Similarities and differences in the dental tissue proportions of the deciduous and permanent canines of Early and Middle Pleistocene human populations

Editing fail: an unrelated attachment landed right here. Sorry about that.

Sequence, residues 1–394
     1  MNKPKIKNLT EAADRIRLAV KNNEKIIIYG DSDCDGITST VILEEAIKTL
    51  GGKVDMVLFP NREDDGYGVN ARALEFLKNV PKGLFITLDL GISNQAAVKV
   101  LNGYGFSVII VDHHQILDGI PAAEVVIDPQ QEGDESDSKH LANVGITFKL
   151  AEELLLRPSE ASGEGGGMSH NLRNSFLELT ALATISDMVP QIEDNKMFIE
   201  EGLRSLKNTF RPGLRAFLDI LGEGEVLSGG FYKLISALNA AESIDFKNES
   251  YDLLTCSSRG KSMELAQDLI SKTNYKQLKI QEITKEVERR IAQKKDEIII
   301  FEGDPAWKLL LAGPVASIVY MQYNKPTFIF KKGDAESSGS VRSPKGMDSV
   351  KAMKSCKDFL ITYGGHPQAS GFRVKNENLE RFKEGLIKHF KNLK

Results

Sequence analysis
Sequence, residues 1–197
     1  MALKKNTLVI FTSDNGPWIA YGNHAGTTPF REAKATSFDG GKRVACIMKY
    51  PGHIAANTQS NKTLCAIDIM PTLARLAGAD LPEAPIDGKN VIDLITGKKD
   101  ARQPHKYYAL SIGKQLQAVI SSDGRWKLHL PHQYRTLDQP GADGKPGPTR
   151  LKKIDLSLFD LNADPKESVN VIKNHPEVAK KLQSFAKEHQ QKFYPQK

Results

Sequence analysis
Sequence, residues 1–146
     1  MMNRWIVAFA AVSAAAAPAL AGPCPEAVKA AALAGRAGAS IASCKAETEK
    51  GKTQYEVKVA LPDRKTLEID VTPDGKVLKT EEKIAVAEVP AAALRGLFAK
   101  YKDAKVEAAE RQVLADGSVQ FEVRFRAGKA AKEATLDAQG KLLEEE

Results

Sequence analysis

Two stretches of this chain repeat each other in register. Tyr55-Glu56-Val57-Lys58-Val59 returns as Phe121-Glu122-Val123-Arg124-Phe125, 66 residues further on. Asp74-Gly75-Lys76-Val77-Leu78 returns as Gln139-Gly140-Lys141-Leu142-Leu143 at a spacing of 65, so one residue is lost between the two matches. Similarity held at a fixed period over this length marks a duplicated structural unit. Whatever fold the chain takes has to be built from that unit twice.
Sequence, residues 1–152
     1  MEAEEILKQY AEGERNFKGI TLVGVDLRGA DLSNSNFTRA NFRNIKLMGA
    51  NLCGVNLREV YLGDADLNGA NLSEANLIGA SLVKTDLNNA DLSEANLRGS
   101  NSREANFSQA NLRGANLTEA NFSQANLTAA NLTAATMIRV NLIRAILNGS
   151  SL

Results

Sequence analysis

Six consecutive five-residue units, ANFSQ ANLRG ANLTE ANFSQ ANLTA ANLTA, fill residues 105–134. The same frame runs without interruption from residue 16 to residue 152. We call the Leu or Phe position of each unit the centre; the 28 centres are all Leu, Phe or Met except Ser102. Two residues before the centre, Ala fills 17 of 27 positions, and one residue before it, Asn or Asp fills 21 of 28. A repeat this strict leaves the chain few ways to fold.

The two- and three-dimensional assessment of dental tissues has become routine in human taxonomic studies throughout the years. Nonetheless, most of our knowledge of the variability of the enamel and dentine dimensions of the human evolutionary lineage comes from the study of permanent dentition, and particularly from molars. This leads to a biased view of the variability of these features. Due to their early formation and rapid development, the deciduous teeth allow more simplified inferences regarding the processes involved in the dental tissue development of each group. Therefore, their study could be very valuable in dental palaeohistology. In this research, we have explored the dental tissue proportions of the deciduous canines belonging to some human samples of the Early and Middle Pleistocene. The purpose of this was to discuss the meaning of the similarities and differences observed in their histological pattern, as well as to evaluate the degree of covariance with that observed in the permanent dentition of these populations. Our results show that, although there are some similarities in the dental tissue proportions between the deciduous and permanent canines of the study samples, the two dental classes do not provide a similar or comparable pictures of the dental tissue pattern present in the dentition of fossil hominins. Future works on the dental tissue patterns of the anterior and posterior dentition, including deciduous teeth, of fossil samples, may help to shed light on this hypothesis.